Protein Synthesis and Genetic Mutations
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Protein Synthesis and Genetic Mutations. Objectives. Recognize that components that make up the genetic code are common to all organisms (TEKS 6B) Explain the purpose and process of transcription and translation using models of DNA and RNA (TEKS 6C)

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Protein Synthesis and Genetic Mutations

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Protein synthesis and genetic mutations

Protein Synthesis and Genetic Mutations


Objectives

Objectives

  • Recognize that components that make up the genetic code are common to all organisms (TEKS 6B)

  • Explain the purpose and process of transcription and translation using models of DNA and RNA (TEKS 6C)

  • Identify and illustrate changes in DNA and evaluate the significance of these changes (TEKS 6E) aka mutations


Remember

Remember…

  • Genes on a DNA molecule code for specific proteins.

  • Proteins are a bunch of amino acids put together to form a polypeptide chain, which folds together to make a protein.

  • Proteins are what makes YOU. From the cells in your body, to tissues, to organs; proteins are the building blocks of life. DNA is the blueprint that makes that happen.

  • How exactly does DNA “code” for a protein?


The universal genetic code

The Universal Genetic Code

  • The sequence of a gene is just a bunch of A, T, C, and G’s. The order of those nucleotides tell the cell what amino acid to make.

  • Every three nucleotides makes up a codon.

  • -Codons produce specific amino acids

  • -An amino acid may have more than one codon

  • -There are 20 amino acids, but 64 possible codons

  • -Some codons tell the ribosome to stop translating

  • Proteins are made by joining these amino acids together into long polypeptides chains.


The universal genetic code1

The Universal Genetic Code


The universal genetic code2

The Universal Genetic Code

  • All living things from bacteria to humans have DNA which code for these 20 amino acids.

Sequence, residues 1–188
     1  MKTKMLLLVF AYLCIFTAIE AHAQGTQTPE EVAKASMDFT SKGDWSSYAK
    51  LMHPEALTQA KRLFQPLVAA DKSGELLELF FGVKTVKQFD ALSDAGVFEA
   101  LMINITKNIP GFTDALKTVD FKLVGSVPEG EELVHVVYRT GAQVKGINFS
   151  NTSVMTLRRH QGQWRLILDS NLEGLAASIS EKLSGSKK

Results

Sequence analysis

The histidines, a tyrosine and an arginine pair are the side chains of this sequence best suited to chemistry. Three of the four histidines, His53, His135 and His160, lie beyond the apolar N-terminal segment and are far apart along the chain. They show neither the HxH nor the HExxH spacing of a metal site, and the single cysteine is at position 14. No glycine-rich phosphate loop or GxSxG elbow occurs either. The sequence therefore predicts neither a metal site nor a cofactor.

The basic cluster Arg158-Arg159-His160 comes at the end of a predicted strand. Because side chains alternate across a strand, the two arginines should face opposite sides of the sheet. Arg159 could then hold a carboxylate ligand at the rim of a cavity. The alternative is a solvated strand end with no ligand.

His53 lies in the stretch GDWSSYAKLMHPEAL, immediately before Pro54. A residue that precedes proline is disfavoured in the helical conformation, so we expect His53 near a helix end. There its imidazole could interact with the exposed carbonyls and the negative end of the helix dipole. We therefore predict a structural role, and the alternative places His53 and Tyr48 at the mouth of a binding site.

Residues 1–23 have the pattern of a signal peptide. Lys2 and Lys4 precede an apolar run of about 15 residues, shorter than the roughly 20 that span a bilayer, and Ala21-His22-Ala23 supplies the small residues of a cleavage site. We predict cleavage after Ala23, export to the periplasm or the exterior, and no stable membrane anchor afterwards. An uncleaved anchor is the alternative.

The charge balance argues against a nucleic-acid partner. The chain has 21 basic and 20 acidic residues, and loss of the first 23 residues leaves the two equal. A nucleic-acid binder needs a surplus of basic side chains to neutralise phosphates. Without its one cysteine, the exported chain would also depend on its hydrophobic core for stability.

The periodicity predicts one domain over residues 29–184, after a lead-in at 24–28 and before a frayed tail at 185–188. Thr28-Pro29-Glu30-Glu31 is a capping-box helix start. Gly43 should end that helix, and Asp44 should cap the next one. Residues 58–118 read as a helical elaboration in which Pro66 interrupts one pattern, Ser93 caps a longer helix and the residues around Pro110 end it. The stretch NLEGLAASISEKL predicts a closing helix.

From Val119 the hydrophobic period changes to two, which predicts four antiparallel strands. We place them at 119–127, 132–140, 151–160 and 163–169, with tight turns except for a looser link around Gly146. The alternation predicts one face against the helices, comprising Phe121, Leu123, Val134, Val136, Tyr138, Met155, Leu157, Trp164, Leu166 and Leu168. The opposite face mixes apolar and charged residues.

• The closer two species are in relation to one another, the more of their genetic code will be shared or similar.

    • In fact, humans and primates share about 95% of their genome (genetic code)

  • The order of the specific amino acids and thus the specific proteins produced are what makes us unique from one another and from other species.


Central dogma

Central Dogma

Transcription

Translation


The universal genetic code3

The Universal Genetic Code

Let’s practice…

DNA sequence: 5’ ATGGGAATT 3’

mRNA sequence?

UACCCUUAA

What are the codons?

UACCCUUAA

What amino acids would be produced?

Tyrosine Proline Stop


Objectives1

Objectives

  • Recognize that components that make up the genetic code are common to all organisms (TEKS 6B)

  • Explain the purpose and process of transcription and translation using models of DNA and RNA (TEKS 6C)

  • Identify and illustrate changes in DNA and evaluate the significance of these changes (TEKS 6E) aka mutations


Protein synthesis and genetic mutations

RNA

Remember, RNA is made up of nucleotides like DNA.

RNA is different from DNA though:

-Has a ribose sugar instead of deoxyribose sugar

-Has Uracil (U) instead of Thyamine (T) for one of its nitrogen bases

-Is typically single stranded whereas DNA is a double stranded helix


Protein synthesis and genetic mutations

RNA

  • There are 3 different types of RNA which are involved in the transcription and translation process:

  • mRNA or messenger RNA. This RNA is the copied down RNA version of a specific gene. mRNA is made in the nucleus and due to its small size, can fit through the nuclear pores of the nuclear membrane. It then enters the cytoplasm and carries its message to ribosomes to be translated.

  • rRNA or ribosomal RNA. This RNA helps to form ribosomes. These complex structures physically move along an mRNA molecule, and catalyze the assembly of amino acids into protein chains. They also bind tRNAs and various accessory molecules necessary for protein synthesis.

  • tRNA or transfer RNA. There is a specific tRNA for every codon on the mRNA strand. tRNA holds the specific amino acid for that codon. tRNA binds to its complementary mRNA strand and moves through the ribosome eventually leaving behind its amino acid. As different tRNAs bind and then leave behind their amino acid, a polypeptide chain is formed which then folds to create a specific protein.


Transcription and translation

Transcription and Translation

EduSmart Video

Video posted on carnahanbiology.weebly.com that is a good review video

Pages 301-306


Objectives2

Objectives

  • Recognize that components that make up the genetic code are common to all organisms (TEKS 6B)

  • Explain the purpose and process of transcription and translation using models of DNA and RNA (TEKS 6C)

  • Identify and illustrate changes in DNA and evaluate the significance of these changes (TEKS 6E) aka mutations


Mutations

Mutations

Point mutations – mutations involving changes in one or a few nucleotides such as a substitution

Example: sickle cell anemia

  • Frameshift mutations – a mutation that shifts the “reading” frame of the genetic message by inserting or deleting a nucleotide

  • Original:

    • The fat cat ate the wee rat.

  • Frame Shift (“a” added):

    • The fat caatet hew eer at.

    • (“t” deleted):

    • The fat caatet hew eer at.


Mutations1

Mutations

  • Chromosomal mutations – involve changes in the number or structure of chromosomes.

  • Five types exist:

    • Deletion

    • Inversion

    • Translocation

    • Nondisjunction

    • Duplication


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